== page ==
Seasick Steve

The American ex-pat now residing in Europe is a one man hurricane who plays in the boogie tradition not dissimilar to the Memphis based Hill Country, street-busking troubadours Richard Johnston and Ben Prestage. The nomadic Seasick (Steven Gene Wold) comes out of the juke joint and street busking tradition, having been a hobo and a wild rambler all his life. As anyone who has ever played the streets knows, you gotta be loud, be funky and get them into the boogie. As the great George Harmonica Smith said, “You ain’t shit unless you can make ‘em dance.”

Rough-hewn, tattooed Seasick Steve looks like a day laborer at some grimy dock in the days before urban renewal, or like he just drove a melon truck ‘cross country. You’d want to get out of his way if you see him come out of a late night pub at some dark back alley, by the looks of him, but he’s really a sweetheart. Call him sweet Stevie if you want (or dare). He got his nickname because, well, go figure …

He gets down with a wildly flailing, hard-rocking backbeat and a funky groove, pounded in a percussive, trance inducing dance beat, often of primitive single chords accompanied by a wicked slicing slide guitar reminiscent of Hounddog Taylor. His singing can be compared to Tom Waits on acid. When he wants to be , he fits the bill as acoustic bluesman. Sometimes Seasick James simply does not qualify as either country-blues or acoustic and sounds like punk-blues. It all depends.

Seasick Steve, Richard Johnston, Ben Prestage etc. learned much from the Mississippi Hill Country masters, the famous forefathers Junior Kimbrough and R.L. Burnside. Seasick, Prestage and Johnston like to play the 3-string diddley-bow type cigar box guitars. Seasick even strips his guitars down to 3 strings. Junior Kimbrough and R.L. Burnside got down with a strange juke joint brew, a magical amalgam of some of the funky boogie of John Lee Hooker, a dash of Lightning Hopkins and a couple of spoons of plain out soul and funk. Both John Lee and Lightning Hopkins could sit solo, all by themselves, and get down to a funky boogie that had everyone in the house shake their booty, because they fully understood the importance of a beat.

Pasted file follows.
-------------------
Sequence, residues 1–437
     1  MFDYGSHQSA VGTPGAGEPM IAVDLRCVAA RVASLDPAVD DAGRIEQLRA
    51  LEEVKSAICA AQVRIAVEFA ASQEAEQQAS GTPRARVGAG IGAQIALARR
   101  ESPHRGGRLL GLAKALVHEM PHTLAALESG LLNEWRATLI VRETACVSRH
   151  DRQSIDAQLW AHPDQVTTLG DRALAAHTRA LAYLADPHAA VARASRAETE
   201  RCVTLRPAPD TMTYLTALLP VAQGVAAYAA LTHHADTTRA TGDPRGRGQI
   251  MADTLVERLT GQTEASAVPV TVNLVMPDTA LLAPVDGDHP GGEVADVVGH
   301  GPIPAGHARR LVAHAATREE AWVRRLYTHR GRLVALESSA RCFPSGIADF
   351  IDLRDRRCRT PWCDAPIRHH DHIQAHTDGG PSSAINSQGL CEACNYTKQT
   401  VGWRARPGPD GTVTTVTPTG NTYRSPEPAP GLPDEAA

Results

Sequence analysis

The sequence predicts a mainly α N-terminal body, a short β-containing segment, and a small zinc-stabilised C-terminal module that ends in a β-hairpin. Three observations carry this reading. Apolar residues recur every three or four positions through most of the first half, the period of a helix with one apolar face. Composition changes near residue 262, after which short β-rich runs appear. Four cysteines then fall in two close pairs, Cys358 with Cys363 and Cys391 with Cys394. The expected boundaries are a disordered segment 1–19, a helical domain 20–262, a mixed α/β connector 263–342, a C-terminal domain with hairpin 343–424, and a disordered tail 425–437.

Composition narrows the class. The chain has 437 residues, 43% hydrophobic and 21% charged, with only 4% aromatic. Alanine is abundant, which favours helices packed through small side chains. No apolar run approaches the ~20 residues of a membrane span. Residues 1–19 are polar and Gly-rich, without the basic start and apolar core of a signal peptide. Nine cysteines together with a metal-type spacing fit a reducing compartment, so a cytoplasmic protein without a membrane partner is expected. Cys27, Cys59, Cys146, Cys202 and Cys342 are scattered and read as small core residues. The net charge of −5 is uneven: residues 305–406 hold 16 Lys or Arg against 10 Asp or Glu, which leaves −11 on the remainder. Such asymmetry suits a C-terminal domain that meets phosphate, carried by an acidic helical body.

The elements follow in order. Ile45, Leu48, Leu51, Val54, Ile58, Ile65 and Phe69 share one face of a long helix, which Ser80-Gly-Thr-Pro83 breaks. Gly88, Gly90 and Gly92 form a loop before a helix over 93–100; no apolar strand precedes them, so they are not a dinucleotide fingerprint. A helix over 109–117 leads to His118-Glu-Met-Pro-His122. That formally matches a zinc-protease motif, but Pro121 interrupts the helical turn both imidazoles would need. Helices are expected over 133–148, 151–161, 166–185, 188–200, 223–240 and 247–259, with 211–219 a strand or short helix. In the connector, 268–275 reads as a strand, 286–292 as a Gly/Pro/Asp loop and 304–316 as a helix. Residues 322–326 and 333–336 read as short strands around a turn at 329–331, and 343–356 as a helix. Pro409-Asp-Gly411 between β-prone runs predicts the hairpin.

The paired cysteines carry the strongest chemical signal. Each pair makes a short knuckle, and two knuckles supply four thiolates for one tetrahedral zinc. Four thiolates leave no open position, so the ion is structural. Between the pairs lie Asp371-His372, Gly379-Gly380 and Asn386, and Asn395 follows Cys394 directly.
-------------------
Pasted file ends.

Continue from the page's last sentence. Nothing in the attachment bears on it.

Seasick isn’t dressing up for an act. He is the real deal. He isn’t an impostor who learned the blues from records. He was a throw-away teenager, who lived in the mean streets and survived the hard way, best described in his song “I was born with nothing and still have most of it left”. Much can be and much has been said about his hobo-cruising, train-hopping, fruit picking, hard intoxicating, jail-bird, song-and-dance man existence. Those of us who lived that life never did so voluntarily, even for a short period at anytime in our lives, and we know better than to romanticize it. Let others expound on it.

Naturally, all that makes good fodder for the blues, even for a white boy. Indeed, that sad life gave Seasick a lifetime of song material and a dysfunctional life. No education, no stability, no security, no 9 to 5, none of the problems of middle-class suburbia. Instead, he made it on the tough streets on the edge of mainstream in the counterculture. If you look down on people like that when you see them playing on the street for spare change, with cold hands and wet feet, think of this: Seasick Steve has a huge long Wikipedia listing because he’s big and famous now. He has bad teeth, wears flannel shirts and overalls and worn out boots and he’s more famous than you and me–so there!

In recent years he has made it really big in Europe, especially in the UK. He’s all the rage and, thankfully, mostly gets to play indoors nowadays. He appeals to a new blues audience, urban Europeans who may have listened to punk and hard rock. If you like your blues hard-core, rough and tumble, check out Seasick Steve, but beware. This blues is not for the weak-hearted. If you liked Junior Kimbrough, RL Burnside and early ZZ Top, Seasick is your man.

Honestly, when I first heard Seasick I thought maybe it was a really drunk Billy Gibbons. No offense to either of these fine musicians intended.

Recommended starter: Introducing Seasick Steve, the EP

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